Posted on Sep 02, 2018 By copyninja under development

In my previous post I talked about SPAKE2 protocol and Ed25519 Curve group. This post is mostly implementation notes and decisions taken during implementing EC groups and number groups in Golang.

In the Beginning ...

Like always I had too many question on how to do? what to do? etc. etc. Well there is no definitive answer, you have to experiment to get the answer. So as a first step I had to decide what I need. Looking at Python implementation of SPAKE2 some basic group operations needed are as follows.

  • Element Addition for the group
  • Scalar Multiplication for the group
  • Scalar Multiplication with Base point/Generator of group

Along with this some other functions are needed, these are not exactly group related operations, but are needed in SPAKE2 calculation. We can call them helper operations and they are listed as follows.

  • Convert password into Scalar of the group (Scalar is nothing but big integer in the group)
  • Generate a Random scalar for the group.
  • Constants M, N and S.
  • Converting group element to bytes and creating element from bytes.
  • Element Size for the group.
  • Order of the subgroup

Now you might be wondering what S might be, as I only talked about M and N while explaining SPAKE2. This is for a special mode called Symmetric Mode. This special mode created by Brian Warner with help from other cryptographic folks for magic-wormhole use case. This mode removes the side/identity from the SPAKE2 protocol as we saw in previous post (A, B) and makes both side identical. This will reduce additional exchanges that had to be done to setup side/identities for both peers.

Next question was whether SPAKE2 implementation is going to be Ed25519 group specific or whether I plan to introduce other groups as well?. This was important decision I had to make, since Python version also has some integer groups I decided to make groups configurable in Golang as well with Ed25519 as default group.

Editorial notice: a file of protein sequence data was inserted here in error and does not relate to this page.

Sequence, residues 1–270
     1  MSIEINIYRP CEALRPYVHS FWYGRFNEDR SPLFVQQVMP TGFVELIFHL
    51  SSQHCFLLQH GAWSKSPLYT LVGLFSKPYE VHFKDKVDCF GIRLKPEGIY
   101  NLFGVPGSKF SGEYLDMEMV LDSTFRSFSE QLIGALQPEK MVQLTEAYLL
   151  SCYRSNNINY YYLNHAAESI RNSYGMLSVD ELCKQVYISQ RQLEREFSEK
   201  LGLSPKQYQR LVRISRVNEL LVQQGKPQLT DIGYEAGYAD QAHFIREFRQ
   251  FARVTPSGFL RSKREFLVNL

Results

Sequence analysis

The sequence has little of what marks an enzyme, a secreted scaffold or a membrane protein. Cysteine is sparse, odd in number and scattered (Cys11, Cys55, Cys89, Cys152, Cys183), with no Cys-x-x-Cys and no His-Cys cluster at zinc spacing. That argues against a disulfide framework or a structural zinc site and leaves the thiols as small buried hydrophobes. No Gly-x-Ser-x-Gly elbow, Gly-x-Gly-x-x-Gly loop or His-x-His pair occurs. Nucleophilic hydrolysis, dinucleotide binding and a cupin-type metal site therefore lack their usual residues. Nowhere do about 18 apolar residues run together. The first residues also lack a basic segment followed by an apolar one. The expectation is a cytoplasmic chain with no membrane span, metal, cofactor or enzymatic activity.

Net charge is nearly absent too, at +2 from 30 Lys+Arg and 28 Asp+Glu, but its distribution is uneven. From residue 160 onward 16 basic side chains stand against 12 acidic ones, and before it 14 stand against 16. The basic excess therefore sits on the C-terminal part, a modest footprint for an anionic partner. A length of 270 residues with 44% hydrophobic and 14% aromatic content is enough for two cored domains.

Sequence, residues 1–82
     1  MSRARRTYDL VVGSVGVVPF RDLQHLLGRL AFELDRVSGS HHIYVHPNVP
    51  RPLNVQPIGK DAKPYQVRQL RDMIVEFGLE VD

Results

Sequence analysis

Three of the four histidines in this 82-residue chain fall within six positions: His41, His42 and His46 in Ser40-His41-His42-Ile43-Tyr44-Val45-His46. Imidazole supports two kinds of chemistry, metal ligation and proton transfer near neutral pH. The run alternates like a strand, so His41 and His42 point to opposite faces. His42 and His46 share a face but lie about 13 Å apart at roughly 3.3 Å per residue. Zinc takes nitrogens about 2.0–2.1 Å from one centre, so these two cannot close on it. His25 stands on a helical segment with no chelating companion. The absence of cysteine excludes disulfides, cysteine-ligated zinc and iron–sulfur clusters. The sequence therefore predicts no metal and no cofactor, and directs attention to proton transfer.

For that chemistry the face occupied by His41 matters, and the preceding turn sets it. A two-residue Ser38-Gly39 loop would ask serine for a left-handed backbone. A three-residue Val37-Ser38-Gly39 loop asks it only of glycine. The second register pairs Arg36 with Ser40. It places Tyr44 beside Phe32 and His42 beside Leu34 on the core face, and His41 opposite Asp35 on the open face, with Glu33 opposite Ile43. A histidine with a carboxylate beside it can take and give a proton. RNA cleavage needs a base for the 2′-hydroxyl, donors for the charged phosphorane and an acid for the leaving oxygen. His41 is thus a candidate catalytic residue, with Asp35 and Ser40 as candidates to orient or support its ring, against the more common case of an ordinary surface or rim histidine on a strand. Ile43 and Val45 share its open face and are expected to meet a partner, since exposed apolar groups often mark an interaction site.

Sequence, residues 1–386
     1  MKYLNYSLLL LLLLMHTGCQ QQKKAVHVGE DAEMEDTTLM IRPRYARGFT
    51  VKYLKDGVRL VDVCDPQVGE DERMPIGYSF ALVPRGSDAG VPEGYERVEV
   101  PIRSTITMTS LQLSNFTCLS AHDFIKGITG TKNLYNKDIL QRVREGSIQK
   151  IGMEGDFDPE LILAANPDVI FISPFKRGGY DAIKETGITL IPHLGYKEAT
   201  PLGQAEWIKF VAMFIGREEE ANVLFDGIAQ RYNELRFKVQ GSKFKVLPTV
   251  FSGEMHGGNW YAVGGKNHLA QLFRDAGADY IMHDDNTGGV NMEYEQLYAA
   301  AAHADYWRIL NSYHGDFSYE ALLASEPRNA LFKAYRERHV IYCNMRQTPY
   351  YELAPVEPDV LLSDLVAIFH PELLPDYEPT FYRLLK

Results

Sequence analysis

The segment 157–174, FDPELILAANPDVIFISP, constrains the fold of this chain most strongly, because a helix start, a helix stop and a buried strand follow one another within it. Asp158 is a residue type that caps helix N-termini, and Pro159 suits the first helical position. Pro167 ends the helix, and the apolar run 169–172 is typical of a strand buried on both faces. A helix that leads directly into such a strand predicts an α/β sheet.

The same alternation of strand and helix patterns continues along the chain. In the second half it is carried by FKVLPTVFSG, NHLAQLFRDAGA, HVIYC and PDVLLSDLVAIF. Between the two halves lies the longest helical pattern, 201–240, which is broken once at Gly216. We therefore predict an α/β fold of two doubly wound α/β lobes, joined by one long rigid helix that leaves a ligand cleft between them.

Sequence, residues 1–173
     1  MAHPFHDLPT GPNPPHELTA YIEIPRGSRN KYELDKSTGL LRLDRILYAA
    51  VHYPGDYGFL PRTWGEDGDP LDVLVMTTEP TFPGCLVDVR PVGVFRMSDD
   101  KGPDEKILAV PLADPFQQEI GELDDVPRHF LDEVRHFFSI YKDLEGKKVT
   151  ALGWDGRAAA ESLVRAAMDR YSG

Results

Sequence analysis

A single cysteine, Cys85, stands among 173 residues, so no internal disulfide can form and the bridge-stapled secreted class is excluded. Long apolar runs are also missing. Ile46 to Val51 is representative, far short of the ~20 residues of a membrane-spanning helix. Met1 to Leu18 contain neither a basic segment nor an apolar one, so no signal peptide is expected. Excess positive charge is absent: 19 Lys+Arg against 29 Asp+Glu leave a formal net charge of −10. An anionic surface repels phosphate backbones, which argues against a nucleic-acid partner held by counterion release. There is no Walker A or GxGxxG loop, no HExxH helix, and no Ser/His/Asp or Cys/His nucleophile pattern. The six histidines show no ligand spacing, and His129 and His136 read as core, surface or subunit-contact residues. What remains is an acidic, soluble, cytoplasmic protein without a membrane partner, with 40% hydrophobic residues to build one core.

Defining Group Interface

To make group as configurable in SPAKE2 package I had to define a generic type. Though Golang does not have generics, we can define interface type to get some flexibility. As a first try I defined Group interface as follows

type Group interface {
       ConstM() Group
       ConstN() Group
       ConstS() Group

       RandomScalar() (*big.Int, error)
       PasswordToScalar(pw []byte) *big.Int

       ElementToBytes(ele Group) []byte
       ElementFromBytes(b []byte) Group

       BasePointMult(s *big.Int) Group
       Add(other Group) Group
       ScalarMult(s *big.Int) Group

       ElementSize() int

Remember this was not final version which I reached but initial version. I kept this under group.go file. I also thought it would be better to keep group implementations outside SPAKE2. So I created SPAKE2 as Ed25519 group operations under and integergroup operations under

I hit my first road block with this representation. I created a type Ed25519 in ed25519group package and implemented the Group interface above but instead of function accepting/returning Group I used Ed25519. This felt natural to me as Ed25519 was confimring to Group interface but that Go compiler thought otherwise. Go compiler refused to agree Ed25519 type implemented Group interface and told the defintion of functions do not match. For eg. it said for ConstM, expected return value of Group but found Ed25519. I did not yet figure out why this does not work, but as far as I can understand this happens because when Go compiler scans ConstM line it still does not know that type Ed25519 implements Group interface. I could have asked in forums but frankly I did not know how to phrase this question :). If you are a gopher and know the answer please do let me know :).

Without spending too much time to figure out why its not working, I changed the interface definition to look like below.

type Group interface {
       ConstM() interface{}
       ConstN() interface{}
       ConstS() interface{}

       RandomScalar() (*big.Int, error)
       PasswordToScalar(pw []byte) *big.Int

       ElementToBytes(ele interface{}) []byte
       ElementFromBytes(b []byte) interface{}

       BasePointMult(s *big.Int) interface{}
       Add(other interface{}) interface{}
       ScalarMult(s *big.Int) interface{}

       ElementSize() int

So now compiler is happy because interface{} means any type. Though I was not happy because I had to do lot of type assertions in the actual implementation of group.

After I did first version of ed25519group and successfuly used it in gospake2 0.1.0, I was feeling something was not correct and things needs to be improved. Then when I started to implement integergroup package things started becoming more clear to me. I finished writing integergroup with same interface definition as above.

After both groups are implemented and integrated into gospake2, I started to look at python code moe carefully. A pattern started emerging in my mind. Python code was structured to differentiate Group and its elements, and this seemed natural separation. Once you separat Elements your interface definition will become more simpler.

So after struggling a bit I wrote a new interface, now differentiating Elements and Group itself. The final code as of writing this post is below.